Secrets are revealed in ‘Bortag’s Unfortunate Past’ as the homely Quadling mage is spurned by the monster he has loved for countless ages. She immediately returns to the tree and begins voraciously consuming Enchanted Apples. With each bite magic diminishes and the fabulous denizens of Oz become increasingly mundane. Billina barely has time to convince the jilted wizard to fix the crisis his unrequited love has caused before she reverts to a mere clucking fowl…

With all Oz’s mystical champions helpless before the Witch, it’s up to Dorothy and grieving, repentant lovelorn Bortag to stop the Witch’s brutal depredations. Luckily, they still have one advantage: ‘The Magic Belt’

Witty, wise, thrilling and potent with the narrative power of comradeship and redemption, this stunning yarn is followed by another lavishly-limned suspenseful thriller as The Ice King of Oz opens with ‘The Proposal’

The Emerald City is abuzz with excitement as a heretofore-unknown realm sends a diplomatic delegation to Oz. After the usual exchange of fantastic gifts the ambassador Popsicle drops his bombshell. The Ice King intends to cleave to other traditional forms of alliance by marrying Princess Dorothy…

The revelation is greeted with great surprise and a gentle but firm refusal which only results in ‘Treachery’ as the icy embassage vanishes overnight, taking Ozma with them as a flash-frozen prisoner.

A hurried council-of-war results in hastily-assembled rescue party, supplemented by new companion Flicker. Originally a human Candle-Maker, he was turned into a one of his own tapers by the Wicked Witch of the West. Only recently restored to life, he remains a man made of wax with a head fiercely aflame…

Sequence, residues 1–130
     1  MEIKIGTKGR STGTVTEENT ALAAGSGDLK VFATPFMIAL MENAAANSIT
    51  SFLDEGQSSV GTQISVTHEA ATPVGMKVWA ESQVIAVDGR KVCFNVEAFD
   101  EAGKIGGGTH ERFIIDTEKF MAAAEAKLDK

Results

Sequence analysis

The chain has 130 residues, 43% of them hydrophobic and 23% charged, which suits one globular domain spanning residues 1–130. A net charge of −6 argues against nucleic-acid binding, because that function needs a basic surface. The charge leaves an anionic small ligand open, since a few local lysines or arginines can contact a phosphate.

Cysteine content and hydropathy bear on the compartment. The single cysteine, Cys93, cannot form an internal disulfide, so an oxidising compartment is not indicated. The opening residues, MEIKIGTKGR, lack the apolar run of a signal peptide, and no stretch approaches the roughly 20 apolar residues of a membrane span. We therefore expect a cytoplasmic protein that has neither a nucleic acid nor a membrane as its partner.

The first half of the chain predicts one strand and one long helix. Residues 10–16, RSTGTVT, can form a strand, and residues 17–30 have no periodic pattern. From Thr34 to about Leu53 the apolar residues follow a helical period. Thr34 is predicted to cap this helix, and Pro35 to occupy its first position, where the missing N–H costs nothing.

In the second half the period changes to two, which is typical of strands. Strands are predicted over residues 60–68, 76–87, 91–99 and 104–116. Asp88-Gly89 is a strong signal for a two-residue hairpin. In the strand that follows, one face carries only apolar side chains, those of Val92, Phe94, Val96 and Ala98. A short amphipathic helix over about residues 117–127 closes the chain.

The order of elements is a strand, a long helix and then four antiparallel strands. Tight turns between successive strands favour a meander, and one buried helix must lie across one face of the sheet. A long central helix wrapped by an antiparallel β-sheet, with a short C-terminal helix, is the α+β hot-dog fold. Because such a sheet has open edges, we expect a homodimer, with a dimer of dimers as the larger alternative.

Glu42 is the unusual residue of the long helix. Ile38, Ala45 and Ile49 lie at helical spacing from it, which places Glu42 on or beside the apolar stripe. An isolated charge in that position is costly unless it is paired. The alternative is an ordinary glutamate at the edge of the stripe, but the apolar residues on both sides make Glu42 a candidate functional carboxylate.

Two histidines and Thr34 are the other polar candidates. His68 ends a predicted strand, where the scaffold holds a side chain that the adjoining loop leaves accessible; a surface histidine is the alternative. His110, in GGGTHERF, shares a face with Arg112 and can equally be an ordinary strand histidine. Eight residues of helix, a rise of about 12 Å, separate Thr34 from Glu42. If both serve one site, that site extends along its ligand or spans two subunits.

Transported in a magical vehicle by Glinda the Good’s sorcery, Dorothy, Scarecrow, tin man Nick Chopper and Flicker voyage ever southward to ‘The Land of Ice’ enduring many sub-zero perils until they broach the snowy wastelands and find themselves ‘In the Ice Palace’

However, after a calamitous confrontation against the cold commander’s amassed legions, our heroes seem doomed to remain ‘In the Ice King’s Power’ until Dorothy’s common sense and Flicker’s valiant determination find a way to pierce his frozen façade…

Compellingly, hypnotically illustrated and written with beguiling grace, this is a fabulous romp for devotees and newcomers alike, and this captivating collection also includes a vast treasure-trove of extras beginning with a sublime Art Gallery of original covers, painted cover studies, character designs, early concept-art, plus the first four pages of an as-yet unfinished tale entitled ‘General Jinjur of Oz’.

Word of Warning: do not read this. It’s utterly brilliant and causes a real wrench when you realise there’s no more and no conclusion…

Also included are a lovely painting of Dorothy and the Cowardly Lion, 5 pages of pencil art layouts for The Enchanted Apples of Oz, a gallery of Shanower Christmas Cards and a watercolour vignette disclosing ‘A Concise History of the Marvelous Land of OZ’.

If you still constantly crave to visit the lost lands of childhood wonder, this superb picture parade is probably your only passport to adventure…

© 2010 Eric Shanower. All rights reserved. © 2010 Idea and Design Works, LLC.